Issue #24: Java,  Library

How To Choose A Programming Language For Your Book

If you wanted to write a book about any subject related to computers, but not specifically about a particular programming language, which language would you choose? For example: if you wanted to teach programming concepts (algorithms, patterns) to an absolute beginner, which language would convey your thoughts better? Say, if you had to explain algorithms that could be implemented in any Turing-complete language, which one would you pick, and why?

This problem is not new. As this edition of the Library section coincides with the 25th anniversary of Java, I decided to look back in time to see which languages were chosen in famous (and not so famous) computer books. Of course, we are leaving aside all books called “The X Programming Language,” since the answer for the question is, invariable, the X programming language, whatever X might be.

Early Examples

Let us begin with “The Art of Computer Programming” (1968), a book about which Graham wrote an article in a previous edition. To illustrate the various themes of the book, Donald Knuth invented his own programming language. Actually not one but two; MIX, used in the first editions, and a RISC version called MMIX for the latest ones. Designing a programming language for your own book is akin to J. R. R. Tolkien creating his own languages to tell a story; it is certainly fair to say that Knuth’s work can be easily compared to Tolkien’s, if not in popularity, definitely in magnitude and reputation.

Somewhat similar, Niklaus Wirth used his own Pascal language to illustrate the classic “Algorithms + Data Structures = Programs” (1976); the book describes a Tiny Pascal compiler, which is said to have inspired Anders Hejlsberg to create Turbo Pascal. We can add Brad Cox to the same club, whose “Object Oriented Programming: An Evolutionary Approach” (1986) title, also the subject of a popular article by Graham, uses Objective-C as a tool to explain OO concepts which were quite novel at the time.

Later authors have understandably preferred to use existing languages; for example “The Elements of Programming Style” (1974) by Brian W. Kernighan and P. J. Plauger. In this case the authors chose Fortran and PL/I:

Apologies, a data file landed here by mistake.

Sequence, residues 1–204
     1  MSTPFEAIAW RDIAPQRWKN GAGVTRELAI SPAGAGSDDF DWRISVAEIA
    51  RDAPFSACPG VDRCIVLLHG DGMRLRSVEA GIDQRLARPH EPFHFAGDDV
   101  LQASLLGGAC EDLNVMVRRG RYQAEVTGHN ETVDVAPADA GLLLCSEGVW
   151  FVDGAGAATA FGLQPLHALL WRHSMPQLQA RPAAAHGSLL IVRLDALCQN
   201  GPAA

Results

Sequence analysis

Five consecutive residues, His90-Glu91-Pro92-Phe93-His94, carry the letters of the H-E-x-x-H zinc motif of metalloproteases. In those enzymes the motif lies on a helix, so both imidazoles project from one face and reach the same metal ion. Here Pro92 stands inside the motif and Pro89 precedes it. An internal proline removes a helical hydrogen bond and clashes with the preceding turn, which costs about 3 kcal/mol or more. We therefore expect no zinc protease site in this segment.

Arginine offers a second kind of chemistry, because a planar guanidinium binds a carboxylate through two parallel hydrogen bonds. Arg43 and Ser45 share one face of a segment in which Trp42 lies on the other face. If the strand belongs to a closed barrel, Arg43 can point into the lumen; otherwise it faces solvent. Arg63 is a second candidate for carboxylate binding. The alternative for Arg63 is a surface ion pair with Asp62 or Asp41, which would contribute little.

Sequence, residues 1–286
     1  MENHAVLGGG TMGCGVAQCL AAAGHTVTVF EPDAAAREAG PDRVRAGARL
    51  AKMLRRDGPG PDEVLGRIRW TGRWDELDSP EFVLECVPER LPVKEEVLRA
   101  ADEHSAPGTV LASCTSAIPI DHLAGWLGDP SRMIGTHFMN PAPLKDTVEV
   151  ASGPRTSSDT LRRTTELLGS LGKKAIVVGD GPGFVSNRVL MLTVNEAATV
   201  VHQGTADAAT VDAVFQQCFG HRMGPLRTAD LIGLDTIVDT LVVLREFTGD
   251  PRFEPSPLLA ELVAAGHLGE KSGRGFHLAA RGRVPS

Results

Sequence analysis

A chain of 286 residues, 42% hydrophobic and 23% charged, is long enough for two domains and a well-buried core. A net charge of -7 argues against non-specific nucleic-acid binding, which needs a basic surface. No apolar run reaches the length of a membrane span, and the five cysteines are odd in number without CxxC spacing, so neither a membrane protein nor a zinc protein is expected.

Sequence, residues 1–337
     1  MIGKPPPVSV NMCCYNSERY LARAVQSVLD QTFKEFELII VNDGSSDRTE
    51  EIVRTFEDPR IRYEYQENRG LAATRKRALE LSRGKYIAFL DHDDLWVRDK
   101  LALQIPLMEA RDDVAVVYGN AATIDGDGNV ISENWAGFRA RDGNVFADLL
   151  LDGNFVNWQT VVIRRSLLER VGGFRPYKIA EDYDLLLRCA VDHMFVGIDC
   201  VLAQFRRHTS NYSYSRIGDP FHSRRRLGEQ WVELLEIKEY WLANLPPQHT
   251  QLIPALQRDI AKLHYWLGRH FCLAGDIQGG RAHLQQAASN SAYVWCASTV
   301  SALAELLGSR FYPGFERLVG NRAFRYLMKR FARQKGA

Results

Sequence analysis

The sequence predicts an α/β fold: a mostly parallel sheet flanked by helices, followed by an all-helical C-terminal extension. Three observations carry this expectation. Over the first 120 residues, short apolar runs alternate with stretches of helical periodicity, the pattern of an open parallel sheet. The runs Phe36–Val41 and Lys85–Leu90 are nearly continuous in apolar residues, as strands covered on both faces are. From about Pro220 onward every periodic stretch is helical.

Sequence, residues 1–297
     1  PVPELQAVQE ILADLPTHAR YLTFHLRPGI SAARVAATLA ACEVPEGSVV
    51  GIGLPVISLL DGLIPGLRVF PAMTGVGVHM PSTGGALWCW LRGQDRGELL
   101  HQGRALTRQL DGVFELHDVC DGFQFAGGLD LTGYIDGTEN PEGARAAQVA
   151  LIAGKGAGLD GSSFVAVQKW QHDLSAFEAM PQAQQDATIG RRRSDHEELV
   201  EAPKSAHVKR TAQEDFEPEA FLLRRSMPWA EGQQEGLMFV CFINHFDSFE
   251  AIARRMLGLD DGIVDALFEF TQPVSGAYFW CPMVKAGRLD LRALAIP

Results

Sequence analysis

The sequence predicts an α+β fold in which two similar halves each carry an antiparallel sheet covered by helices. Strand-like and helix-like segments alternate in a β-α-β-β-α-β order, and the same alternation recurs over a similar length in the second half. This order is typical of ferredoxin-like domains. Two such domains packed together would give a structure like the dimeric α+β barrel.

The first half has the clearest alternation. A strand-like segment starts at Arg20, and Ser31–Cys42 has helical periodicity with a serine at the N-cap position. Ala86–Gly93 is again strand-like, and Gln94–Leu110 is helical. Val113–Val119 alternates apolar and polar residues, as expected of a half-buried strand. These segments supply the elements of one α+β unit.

…since these languages are widely used and are sufficiently similar that a reading knowledge of one means that the other can also be read well enough.

The Reign of C/C++

The rise of Object Oriented Programming (OOP) had it hallmark moment in the 1980s and 1990s. And at the beginning of this craze, the most widely used language to explain it was C++.

I will start with the book that taught me OOP: my beloved copy of “Object-Oriented Analysis and Design with Applications (2nd edition)” (1994) by Grady Booch, which represented also my first exposure to C++ code examples. Grady Booch is one of the “three amigos” who came up with UML and in 2002 IBM bought their company. Interestingly, the 3rd edition of this opus (2007) has examples in C# and Java.

OOP begat the design patterns movement, incarnated by two major books: “Design Patterns for Object-Oriented Software Development” (1994) by Wolfgang Pree, a title that got sadly, unjustly, and immediately shadowed by the success of the eponymous “Design Patterns: Elements of Reusable Object-Oriented Software” (1994) by the “Gang of Four”: Erich Gamma, Richard Helm, Ralph Johnson and John Vlissides. Both books, released one year before the smashing release of Java, show examples in C++.

C++, largely thanks to the legendary speed attributed to its name, found a niche in numerical and financial processing back in the 1990s, starting a slow industrial demise of Fortran. In this sense it is worthwhile to mention “Numerical Recipes: The Art of Scientific Computing (3rd edition)” (2007) whose first edition (published in 1992) featured two distinct versions: one in C and another in Fortran. As for financial modeling, we can mention “Modeling Derivatives in C++” (2004) by Justin London, and the excellent “Financial Instrument Pricing Using C++” (2004) by Daniel J. Duffy, recently updated to C++11 in a second edition (2018).

Regardless of when they are published, some low-level topics are better explained using C. Examples are the both extraordinary and fundamental “Linux Programming Interface” (2011) by Michael Kerrisk, and “Beej’s Guide to Network Programming: Using Internet Sockets” (2019) by Brian “Beej Jorgensen” Hall.

Java Takes Over